Edgar Degas helped to found and develop the Impressionist group of artist and their exhibitions.

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Edgar Degas helped to found and develop the Impressionist group of artist and their exhibitions. Though he helped to develop the group of Impressionist, he did not consider himself one; he referred to himself as a Realist or an independent artist. Degas preferred to paint scenes that were indoors and lit by artificial light rather than outdoor naturally light scenes. He used many different medium when making his art such as oil paints, bronze sculptures, engravings, photos, and sketches with pencil and pastels. Degas began his study of art by copying Italian Renaissance paintings that he saw in the Louvre. In 1850s, a tip that he took to Italy influenced him where he was many paintings and frescos that he did many sketches of. Degas…show more content…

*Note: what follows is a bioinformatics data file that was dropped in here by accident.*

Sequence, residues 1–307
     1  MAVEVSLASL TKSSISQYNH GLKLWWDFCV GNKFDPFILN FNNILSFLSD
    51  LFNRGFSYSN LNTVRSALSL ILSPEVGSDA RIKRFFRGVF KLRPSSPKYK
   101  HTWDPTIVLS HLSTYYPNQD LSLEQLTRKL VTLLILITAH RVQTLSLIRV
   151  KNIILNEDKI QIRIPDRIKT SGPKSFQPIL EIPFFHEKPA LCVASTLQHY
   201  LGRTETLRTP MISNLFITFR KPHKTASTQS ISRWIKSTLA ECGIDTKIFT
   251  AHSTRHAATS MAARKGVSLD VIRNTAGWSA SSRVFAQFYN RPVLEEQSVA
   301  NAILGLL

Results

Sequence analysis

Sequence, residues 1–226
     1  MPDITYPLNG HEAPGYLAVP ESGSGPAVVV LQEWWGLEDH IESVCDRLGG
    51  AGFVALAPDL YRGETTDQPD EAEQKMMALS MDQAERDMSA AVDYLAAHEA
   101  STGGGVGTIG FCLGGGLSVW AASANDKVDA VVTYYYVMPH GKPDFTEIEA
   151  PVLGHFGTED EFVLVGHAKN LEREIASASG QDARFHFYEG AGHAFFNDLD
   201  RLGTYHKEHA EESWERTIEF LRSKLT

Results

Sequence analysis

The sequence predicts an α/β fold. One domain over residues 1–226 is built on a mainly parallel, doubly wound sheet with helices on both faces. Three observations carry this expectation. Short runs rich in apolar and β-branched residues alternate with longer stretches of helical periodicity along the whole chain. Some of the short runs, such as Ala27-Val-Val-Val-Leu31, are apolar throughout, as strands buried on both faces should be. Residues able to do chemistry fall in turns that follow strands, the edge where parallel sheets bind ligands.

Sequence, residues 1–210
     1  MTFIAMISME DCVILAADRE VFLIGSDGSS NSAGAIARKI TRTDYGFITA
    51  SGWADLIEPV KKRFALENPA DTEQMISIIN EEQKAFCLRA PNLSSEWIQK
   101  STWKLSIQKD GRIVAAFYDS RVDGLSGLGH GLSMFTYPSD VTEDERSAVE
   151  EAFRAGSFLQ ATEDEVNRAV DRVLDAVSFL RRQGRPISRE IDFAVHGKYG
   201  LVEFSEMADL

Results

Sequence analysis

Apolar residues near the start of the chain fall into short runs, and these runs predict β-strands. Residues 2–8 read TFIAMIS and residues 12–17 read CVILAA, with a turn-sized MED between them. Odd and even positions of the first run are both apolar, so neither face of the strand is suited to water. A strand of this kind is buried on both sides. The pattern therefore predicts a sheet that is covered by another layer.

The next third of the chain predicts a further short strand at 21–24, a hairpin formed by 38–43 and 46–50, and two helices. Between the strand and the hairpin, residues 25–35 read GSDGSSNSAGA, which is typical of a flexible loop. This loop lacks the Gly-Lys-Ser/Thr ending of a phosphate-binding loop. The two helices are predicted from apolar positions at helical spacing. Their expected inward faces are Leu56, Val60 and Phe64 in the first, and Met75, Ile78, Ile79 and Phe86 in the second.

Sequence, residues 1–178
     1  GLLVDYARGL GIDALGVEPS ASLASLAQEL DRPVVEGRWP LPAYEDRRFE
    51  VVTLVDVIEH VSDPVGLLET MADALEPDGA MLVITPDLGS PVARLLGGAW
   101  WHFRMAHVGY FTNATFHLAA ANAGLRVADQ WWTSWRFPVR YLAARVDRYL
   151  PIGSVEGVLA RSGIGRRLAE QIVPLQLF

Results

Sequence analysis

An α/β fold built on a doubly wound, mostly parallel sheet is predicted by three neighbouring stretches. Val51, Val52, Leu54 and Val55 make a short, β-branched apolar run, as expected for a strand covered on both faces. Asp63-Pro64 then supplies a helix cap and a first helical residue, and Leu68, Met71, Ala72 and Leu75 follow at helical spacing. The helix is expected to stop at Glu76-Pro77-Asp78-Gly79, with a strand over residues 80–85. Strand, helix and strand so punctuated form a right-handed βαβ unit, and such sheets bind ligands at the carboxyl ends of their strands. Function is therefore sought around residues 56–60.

They were both influenced by the world that was around them; they often used theatrical dancers and prostitutes for inspiration and subjects. Like Degas, Toulouse–Lautrec was also strongly influenced by Japanese prints; he used the layout and formatting of the ukiyo-e prints in his own prints. Toulouse–Lautrec mimicked many of the lines and areas of flat color of ukiyo-e prints in his prints (3). Degas did not focus on having solid lines; he would use many shorter lines to created contours that have more depth to them rather than continual flowing lines. His lines alone are not important, what is important is the shading that adds the dimension and tonal value to a piece. He is less interested in the contours and more interested in the way that the shadows create a more three dimensional space. His interest in shadows is seen in his use of pastels where the contours become the colored shading. When creating a composition Degas does not use classical centralized contained compositions, he often has partial figures that are cut off by the edge of the canvas and the center of the composition often contains unimportant information such as a doorframe or the edge of a table (4 absinth drinker). Many of the compositions that he creates are a study of movement; Degas is less interested in creating a story. Toulouse–Lautrec is most well known for many of his lithographs; in these lithographs, he uses specific lines to create simple suggestions of figures and

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